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Mineral Oil and Lupus

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Does mineral oil cause lupus? That’s not a question I, or anyone, can answer with absolute certainty. What I can say is this: mineral oil is a hydrocarbon and exposure to hydrocarbons has been associated with the development of lupus. Also, although mineral oil is a refined form of hydrocarbons, it retains elements that have been associated with the development of lupus autoantibodies.

According to the US EPA, hydrocarbons are “ubiquitous in the environment”. Something that distinguishes mineral oil from other hydrocarbons is that it is considered to be “safe” and is routinely added to personal care items, food wraps, medicines (such as vaccines)–and food.

Mineral oil is distilled from petroleum. “Food grade” mineral oil is a preferred food additive (preferred by some, anyway) because it is cheaper to use than the alternative, vegetable oil. Concern about mineral oil in the food supply is not confined to a small fringe of environmental extremists–the European Food Safety Authority (EFSA) has been accumulating data on the risks posed by mineral oil and has described some of the potential hazards. What the Authority seeks to establish is an acceptable level below which these hazards might not be expected to occur. The hazards include: the potential to accumulate in human tissue, and the mutagenicity (ability to cause cancer, among other problems) of mineral oil.

In its 2012 advisory, the EFSA came to the conclusion that sources of mineral oil in the diet are many and that there might be “concern for some consumers: specifically, customers who are brand loyal or who often buy the same food product from the same shop“. EFSA’s concern is that the total amount consumed in a diet would exceed the level considered to be “safe” by the authority.

EFSA’s carefully worded concern about mineral oil is not an isolated opinion in the scientific community. Responsible research has demonstrated that hydrocarbons–mineral oil among them–have the ability to induce the production of a variety of autoantibodies. Different hydrocarbons elicit different types of autoantibodies, autoantibodies that have been implicated in the development of lupus.

As described by the Oxford Journal, “certain mineral oil components… induce lupus-related anti-nRNP/Sm or –Su autoantibodies in nonautoimmune mice”. While the Journal does not state that a direct causal relationship between mineral oil exposure and lupus has been proven, the Journal is comfortable making the broad statement that, “There is some evidence that mineral oil exposure may be associated with human disease”.

The Journal article goes on to describe specifically conditions that have been attributed to mineral oil exposure: cutaneous lipogranulomas; chronic pneumonitis  and systemic lipogranulomas. Data on the potential hazards of mineral oil have been persuasive to experts in the UK. These experts called for a ban on mineral oil as a food additive. Consequently, use of the oil in the UK is more restricted than it is in the US and Canada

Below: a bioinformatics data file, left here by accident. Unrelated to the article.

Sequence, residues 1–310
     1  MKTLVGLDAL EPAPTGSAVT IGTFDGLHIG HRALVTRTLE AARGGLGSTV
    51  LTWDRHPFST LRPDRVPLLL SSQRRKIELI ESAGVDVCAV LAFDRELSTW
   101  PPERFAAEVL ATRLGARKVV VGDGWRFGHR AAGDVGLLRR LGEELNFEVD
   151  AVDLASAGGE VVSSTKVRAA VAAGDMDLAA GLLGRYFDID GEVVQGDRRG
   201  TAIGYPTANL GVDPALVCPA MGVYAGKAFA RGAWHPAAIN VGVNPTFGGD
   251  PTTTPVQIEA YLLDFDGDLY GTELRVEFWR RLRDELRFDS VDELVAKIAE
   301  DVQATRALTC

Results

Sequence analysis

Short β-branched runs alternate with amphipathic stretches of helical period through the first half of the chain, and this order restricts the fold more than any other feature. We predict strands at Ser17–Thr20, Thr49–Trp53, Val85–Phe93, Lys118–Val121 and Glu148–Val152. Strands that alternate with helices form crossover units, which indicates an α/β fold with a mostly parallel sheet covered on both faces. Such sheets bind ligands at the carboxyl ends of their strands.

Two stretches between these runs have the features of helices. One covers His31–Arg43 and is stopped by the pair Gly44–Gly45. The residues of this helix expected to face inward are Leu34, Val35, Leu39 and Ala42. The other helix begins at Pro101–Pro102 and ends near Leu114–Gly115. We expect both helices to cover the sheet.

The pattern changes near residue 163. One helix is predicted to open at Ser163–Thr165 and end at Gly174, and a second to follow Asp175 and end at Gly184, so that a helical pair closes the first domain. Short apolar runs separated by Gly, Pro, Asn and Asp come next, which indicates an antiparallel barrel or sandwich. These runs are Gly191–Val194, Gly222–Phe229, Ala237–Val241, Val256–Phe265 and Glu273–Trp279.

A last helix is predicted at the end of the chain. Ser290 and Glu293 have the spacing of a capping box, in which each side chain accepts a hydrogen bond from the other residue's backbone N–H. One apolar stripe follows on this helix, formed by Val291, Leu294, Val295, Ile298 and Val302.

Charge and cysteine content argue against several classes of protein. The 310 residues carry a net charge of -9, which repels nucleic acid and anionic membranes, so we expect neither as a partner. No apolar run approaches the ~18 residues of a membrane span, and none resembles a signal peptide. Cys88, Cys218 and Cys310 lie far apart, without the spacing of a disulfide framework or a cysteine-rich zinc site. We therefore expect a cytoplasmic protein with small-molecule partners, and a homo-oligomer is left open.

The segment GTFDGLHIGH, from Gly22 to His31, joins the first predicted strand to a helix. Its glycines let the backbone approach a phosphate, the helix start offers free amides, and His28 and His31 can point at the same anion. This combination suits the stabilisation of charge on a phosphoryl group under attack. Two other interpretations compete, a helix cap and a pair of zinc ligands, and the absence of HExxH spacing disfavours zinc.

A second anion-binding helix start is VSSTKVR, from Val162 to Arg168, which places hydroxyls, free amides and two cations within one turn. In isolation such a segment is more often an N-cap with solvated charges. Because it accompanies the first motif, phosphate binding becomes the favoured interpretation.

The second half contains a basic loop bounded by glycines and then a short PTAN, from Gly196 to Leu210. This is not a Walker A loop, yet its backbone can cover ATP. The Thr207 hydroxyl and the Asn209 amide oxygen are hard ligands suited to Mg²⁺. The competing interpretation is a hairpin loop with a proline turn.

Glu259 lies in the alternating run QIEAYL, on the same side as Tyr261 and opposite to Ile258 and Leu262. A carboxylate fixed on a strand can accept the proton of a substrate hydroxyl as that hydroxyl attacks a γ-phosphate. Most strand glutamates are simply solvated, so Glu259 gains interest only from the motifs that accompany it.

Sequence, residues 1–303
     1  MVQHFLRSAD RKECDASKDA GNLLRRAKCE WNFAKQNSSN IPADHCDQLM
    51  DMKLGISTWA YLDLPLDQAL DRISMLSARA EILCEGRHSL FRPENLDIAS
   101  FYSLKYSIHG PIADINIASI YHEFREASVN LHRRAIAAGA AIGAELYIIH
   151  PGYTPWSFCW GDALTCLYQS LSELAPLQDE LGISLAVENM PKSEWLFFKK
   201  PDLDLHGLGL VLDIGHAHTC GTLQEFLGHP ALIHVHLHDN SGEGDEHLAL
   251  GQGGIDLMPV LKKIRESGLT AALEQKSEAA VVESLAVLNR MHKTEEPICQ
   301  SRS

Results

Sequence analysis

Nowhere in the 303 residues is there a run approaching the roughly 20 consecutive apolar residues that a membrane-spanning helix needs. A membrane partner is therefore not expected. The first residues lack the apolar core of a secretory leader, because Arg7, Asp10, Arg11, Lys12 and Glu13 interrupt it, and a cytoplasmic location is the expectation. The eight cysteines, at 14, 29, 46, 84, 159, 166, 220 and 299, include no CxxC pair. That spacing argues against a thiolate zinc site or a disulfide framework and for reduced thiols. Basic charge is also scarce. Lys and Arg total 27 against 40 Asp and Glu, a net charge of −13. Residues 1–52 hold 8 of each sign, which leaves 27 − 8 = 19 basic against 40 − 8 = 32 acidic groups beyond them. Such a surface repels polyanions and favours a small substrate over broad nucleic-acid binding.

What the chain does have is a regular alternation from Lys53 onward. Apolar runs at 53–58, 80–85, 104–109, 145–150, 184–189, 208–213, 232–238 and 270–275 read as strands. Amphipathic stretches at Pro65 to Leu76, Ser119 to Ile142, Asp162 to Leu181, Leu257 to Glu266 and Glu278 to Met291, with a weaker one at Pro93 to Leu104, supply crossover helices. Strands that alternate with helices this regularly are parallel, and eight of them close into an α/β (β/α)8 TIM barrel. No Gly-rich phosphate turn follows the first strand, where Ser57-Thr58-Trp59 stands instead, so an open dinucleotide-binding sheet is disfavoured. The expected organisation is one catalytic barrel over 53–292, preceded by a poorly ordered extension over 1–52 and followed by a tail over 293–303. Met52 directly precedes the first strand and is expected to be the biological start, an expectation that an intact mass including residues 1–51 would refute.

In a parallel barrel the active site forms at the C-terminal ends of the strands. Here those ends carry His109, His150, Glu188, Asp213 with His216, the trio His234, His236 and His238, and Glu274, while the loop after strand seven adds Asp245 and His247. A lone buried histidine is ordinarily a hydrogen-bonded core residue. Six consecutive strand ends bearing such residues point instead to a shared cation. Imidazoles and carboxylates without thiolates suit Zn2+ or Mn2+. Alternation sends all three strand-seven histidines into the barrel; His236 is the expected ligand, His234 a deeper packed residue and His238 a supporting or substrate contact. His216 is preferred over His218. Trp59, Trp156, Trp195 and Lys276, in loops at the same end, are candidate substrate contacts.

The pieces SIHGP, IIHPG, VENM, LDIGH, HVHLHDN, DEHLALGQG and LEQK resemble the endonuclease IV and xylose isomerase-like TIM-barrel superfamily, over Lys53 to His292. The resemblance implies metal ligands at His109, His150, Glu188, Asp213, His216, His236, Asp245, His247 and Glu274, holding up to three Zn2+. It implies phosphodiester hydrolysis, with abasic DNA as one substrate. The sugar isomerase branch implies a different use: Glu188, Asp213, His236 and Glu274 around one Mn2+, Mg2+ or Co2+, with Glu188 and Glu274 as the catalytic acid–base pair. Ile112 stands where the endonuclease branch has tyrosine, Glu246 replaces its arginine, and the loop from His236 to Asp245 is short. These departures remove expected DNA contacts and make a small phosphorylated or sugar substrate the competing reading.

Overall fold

One of the problems with mineral oil studies is that most of these have used mice as test subjects; outcomes in mice studies are not reliable predictors of human outcomes. An objection to using the results of these studies is that the amount of mineral oil administered to the mice is many times that most humans would be exposed to. However, the Oxford Journal article points out that if an individual uses mineral oil as a daily supplement (which many people do for its laxative effect), then, over time, the amount consumed would equal or exceed the amount administered to mice in an experimental setting.

Mineral oil is just one of a number of hydrocarbons in the environment. So many uses have been found for petroleum by products that it would be difficult to trace the exposures. However, when exposures are traced, it becomes obvious that hydrocarbons are implicated in the development of a variety of diseases. Lupus is one with a proven association and systemic sclerosis is another.

A study carried out in New Mexico demonstrated just how serious the risk from hydrocarbon exposure is. The study was carried out in a small subdivision in which residents were diagnosed with lupus at very high rates. The subdivision had been built over a retired oil field. When samples of vapor and dust within these homes were examined, very elevated levels of two contaminants were detected: pristane (a hydrocarbon that may be found in mineral oil)  and mercury. Researchers hypothesized that it was a “synergy” between mercury and pristane that caused the extraordinary rate of lupus. Pristane, by itself, has been shown in prior studies to be a lupus antagonist .

It’s difficult to write a post like this and not imagine the criticism with which it may be received. Hydrocarbons are everywhere. Avoiding them would probably be impossible. Risks from hydrocarbon exposure will certainly be downplayed by those who find their use convenient, or cost effective. As for mineral oil–this product is considered benign by most consumers. It’s in baby oil and petroleum jelly. It’s in candy and baked goods. It’s used to coat paper and eggs. Reasonable people may charge me with alarmism because I write this post. But I write about what I discover and I have discovered some interesting facts about mineral oil.

Personally, I’m going to check labels more carefully when I buy. Baby oil, wax paper, petroleum jelly–these will not be in my home. Soft candy, shiny candy, baked goods–labels on these products will be carefully scrutinized to ascertain if the producers have chosen to use mineral over vegetable oil.

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